Face to face with Digo


Having got together in December 2011, Digo have been making psychedelic, post-punk waves since then. Atmospheric, eerie, hypnotising tunes are their main trump card which is not easy to beat. Drummer Ed Mathews introsuces Digo to Rock Britain’s readers.

– You’ve been around since December 2011. When was the moment when you realised that Digo properly started as a band? What was the turning point in the band’s formation?

– We initially formed the band whilst studying at Music College in and I think our first live performance was for an end of term showcase they held. We decided to play a string of Brighton dates throughout 2012 and became better and tighter as a band. We put a lot of effort into our debut EP that year too and I think that’s when we felt DIGO had properly started. I think the real turning point though was when we were joined by a new bassist Ben in late 2012/early 2013.

– You’re based in Brighton, which is a very vibrant place, a really great town for music. How does it influence, inspire you?

– Brighton’s a great city, especially for music. As cliché as it sounds, it’s a hub of creativity and expression. In a place where the music community is so tightly knit and every other person is a musician, it’s hard not to be influenced and inspired both those people and the city itself. I think it’s broadened our tastes considerably. It has a rich musical history as well and has inspired many greats, The Who to name just one. We’re chuffed to be part of it.

– Who are your favourite Brighton bands? 

– So many to name! Johnson & The Believers, The Dubarrys, Spit Shake Sisters, Fear Of Men. Phoria, Kudu Blue, Theo Verney, Traams, Kill Moon and Nightworkers. To name but a handful.

 – Digo’s music is very atmospheric. And what’s your favourite atmosphere for writing?

– A few of our songs have come about from messing around at rehearsals but it can be difficult to get a good grasp of what we want the finished product to sound like. Often we will write at home, together or separately, and then bring our ideas to the rest of the band to fill in the gaps. It also means that we all have some creative input.

– In your music, what’s the most important thing for you?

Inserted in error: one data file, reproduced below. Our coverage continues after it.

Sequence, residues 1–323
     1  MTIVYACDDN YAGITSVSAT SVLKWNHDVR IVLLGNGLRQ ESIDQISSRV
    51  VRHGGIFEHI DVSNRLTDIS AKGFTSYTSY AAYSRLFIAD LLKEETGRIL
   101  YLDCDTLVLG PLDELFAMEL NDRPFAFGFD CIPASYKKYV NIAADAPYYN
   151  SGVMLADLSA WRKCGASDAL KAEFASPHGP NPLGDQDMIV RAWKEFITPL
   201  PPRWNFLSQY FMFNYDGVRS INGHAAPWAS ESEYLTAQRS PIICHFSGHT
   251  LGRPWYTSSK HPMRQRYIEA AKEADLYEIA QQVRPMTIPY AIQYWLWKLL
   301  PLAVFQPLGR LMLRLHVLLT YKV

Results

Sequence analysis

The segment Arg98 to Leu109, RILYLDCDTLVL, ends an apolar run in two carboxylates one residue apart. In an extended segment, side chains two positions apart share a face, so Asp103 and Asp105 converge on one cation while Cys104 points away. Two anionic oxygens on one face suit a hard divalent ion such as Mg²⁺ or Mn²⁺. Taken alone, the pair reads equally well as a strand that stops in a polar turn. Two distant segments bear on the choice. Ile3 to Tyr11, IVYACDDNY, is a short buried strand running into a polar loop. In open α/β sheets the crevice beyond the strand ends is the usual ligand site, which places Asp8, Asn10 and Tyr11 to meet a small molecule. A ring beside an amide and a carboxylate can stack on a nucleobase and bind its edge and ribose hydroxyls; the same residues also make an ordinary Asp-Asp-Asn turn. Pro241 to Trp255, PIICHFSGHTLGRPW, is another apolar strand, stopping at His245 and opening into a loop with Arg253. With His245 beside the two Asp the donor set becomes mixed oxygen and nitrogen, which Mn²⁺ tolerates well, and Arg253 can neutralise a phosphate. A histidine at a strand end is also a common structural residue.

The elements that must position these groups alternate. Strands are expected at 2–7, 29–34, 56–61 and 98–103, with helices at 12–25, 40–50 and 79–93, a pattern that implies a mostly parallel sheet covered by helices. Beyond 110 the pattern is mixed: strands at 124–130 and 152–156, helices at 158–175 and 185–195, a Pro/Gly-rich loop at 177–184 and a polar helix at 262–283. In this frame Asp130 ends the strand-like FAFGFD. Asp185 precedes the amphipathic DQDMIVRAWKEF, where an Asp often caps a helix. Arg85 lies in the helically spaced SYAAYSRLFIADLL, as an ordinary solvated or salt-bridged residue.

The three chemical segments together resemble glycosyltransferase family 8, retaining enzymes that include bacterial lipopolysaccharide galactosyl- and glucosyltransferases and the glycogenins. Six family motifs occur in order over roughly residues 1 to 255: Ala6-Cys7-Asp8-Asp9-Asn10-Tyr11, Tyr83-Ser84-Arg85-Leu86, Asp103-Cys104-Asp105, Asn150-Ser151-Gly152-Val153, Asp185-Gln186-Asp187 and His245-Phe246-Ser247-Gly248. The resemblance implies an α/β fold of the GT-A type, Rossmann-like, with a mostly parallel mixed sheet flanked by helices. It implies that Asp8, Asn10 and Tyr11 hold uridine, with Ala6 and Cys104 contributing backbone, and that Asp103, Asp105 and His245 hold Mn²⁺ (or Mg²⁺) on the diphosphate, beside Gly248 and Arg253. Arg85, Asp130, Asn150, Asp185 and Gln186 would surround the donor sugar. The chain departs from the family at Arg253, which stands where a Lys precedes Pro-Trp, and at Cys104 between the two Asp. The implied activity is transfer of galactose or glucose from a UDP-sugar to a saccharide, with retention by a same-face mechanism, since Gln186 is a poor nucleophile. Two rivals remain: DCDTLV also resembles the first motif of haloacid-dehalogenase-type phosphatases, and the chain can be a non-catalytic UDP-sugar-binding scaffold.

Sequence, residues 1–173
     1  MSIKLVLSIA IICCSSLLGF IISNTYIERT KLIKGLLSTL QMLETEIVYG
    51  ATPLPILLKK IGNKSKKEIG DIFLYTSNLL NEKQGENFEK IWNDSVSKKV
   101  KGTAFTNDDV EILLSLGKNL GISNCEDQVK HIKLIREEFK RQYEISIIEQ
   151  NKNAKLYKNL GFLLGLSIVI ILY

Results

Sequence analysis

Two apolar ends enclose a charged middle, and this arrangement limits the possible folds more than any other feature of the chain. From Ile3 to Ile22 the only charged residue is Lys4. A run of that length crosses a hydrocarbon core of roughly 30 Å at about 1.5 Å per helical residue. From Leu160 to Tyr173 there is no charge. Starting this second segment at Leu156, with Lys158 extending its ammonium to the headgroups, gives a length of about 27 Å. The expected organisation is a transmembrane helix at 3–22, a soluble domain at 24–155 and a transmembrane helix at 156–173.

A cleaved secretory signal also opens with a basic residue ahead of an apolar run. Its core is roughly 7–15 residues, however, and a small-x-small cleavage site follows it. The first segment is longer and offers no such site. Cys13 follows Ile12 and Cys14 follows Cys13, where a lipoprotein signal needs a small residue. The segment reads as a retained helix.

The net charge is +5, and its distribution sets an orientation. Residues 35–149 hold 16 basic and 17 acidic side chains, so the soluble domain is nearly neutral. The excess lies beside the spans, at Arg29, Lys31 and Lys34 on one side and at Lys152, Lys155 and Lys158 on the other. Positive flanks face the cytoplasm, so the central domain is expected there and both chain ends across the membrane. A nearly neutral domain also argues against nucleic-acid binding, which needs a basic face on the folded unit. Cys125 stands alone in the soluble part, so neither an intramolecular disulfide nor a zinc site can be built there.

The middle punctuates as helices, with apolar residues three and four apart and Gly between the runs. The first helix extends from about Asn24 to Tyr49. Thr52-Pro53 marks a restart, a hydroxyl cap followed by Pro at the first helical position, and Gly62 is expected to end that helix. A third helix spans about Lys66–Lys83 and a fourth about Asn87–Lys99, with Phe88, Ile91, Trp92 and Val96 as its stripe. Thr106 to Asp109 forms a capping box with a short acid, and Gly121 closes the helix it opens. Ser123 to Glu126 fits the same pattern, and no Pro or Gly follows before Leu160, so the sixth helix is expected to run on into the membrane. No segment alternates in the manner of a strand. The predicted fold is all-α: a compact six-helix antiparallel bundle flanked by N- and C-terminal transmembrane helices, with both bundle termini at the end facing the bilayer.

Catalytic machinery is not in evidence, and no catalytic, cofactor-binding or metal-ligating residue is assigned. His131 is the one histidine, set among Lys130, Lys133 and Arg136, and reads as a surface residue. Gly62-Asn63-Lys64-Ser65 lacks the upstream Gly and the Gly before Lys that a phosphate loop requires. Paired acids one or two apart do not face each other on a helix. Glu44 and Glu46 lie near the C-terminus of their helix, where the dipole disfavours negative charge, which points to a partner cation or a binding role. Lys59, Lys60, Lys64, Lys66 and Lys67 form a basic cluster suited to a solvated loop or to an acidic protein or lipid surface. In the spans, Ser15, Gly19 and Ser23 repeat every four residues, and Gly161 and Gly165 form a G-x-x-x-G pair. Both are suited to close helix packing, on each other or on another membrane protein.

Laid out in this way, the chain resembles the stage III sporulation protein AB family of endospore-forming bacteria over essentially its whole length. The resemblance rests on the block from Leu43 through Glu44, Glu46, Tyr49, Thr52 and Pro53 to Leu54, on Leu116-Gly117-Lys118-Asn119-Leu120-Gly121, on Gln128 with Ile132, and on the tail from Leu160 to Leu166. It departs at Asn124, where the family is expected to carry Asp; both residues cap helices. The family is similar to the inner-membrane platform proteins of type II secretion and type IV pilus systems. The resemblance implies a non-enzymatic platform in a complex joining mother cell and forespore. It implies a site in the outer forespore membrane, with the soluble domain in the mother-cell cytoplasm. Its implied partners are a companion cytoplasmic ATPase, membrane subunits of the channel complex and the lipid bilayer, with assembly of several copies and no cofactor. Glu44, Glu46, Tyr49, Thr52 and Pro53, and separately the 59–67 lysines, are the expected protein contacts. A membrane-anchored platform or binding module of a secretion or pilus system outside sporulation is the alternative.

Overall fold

– Our songs are always lyric driven with strong melodies, atmospheric guitars and a solid rhythm. It’s difficult to pick one aspect that is more important but I’d say that conveying the frustration and afflictions of many young people like ourselves is a big part of it.

– What’s the most unusual thing that’s ever inspired you for a song? 

– Easy, Brighton!

– What would you write on a poster inviting music lovers to your live show? 

– I think if I were to compress a few write ups we’ve had into a sentence and use that it would sound something like, ‘Captivating, raw, melodic, psychedelic post-punk with echoes of Joy Division, Nirvana and The Pixies’. What music lover could refuse that?

 – If you could go back in time and attend any show in any time, whose show would it be and where? 

– Again, so many! I saw a video of Ride at Brixton Academy in1992 the other day. To be there would be great.

 – What’s your earliest music memory? 

– Being forced to learn the piano by my parents at the age of 6 or 7. I hated it! Luckily I took up the drums a bit later on.

 – What’s your biggest ambition in music? 

– We all have our own personal goals and ambitions but as a band I think we want to connect with people and see them connect with our music, perhaps even make a career out of it.

 – What are your plans for the nearest future?

– Having done some recording over December we’re releasing a 2 track EP in the next few weeks. I think this year we really want to push and play as many shows and reach as many people as we can. We’re currently booking shows and a few festival dates around the UK.

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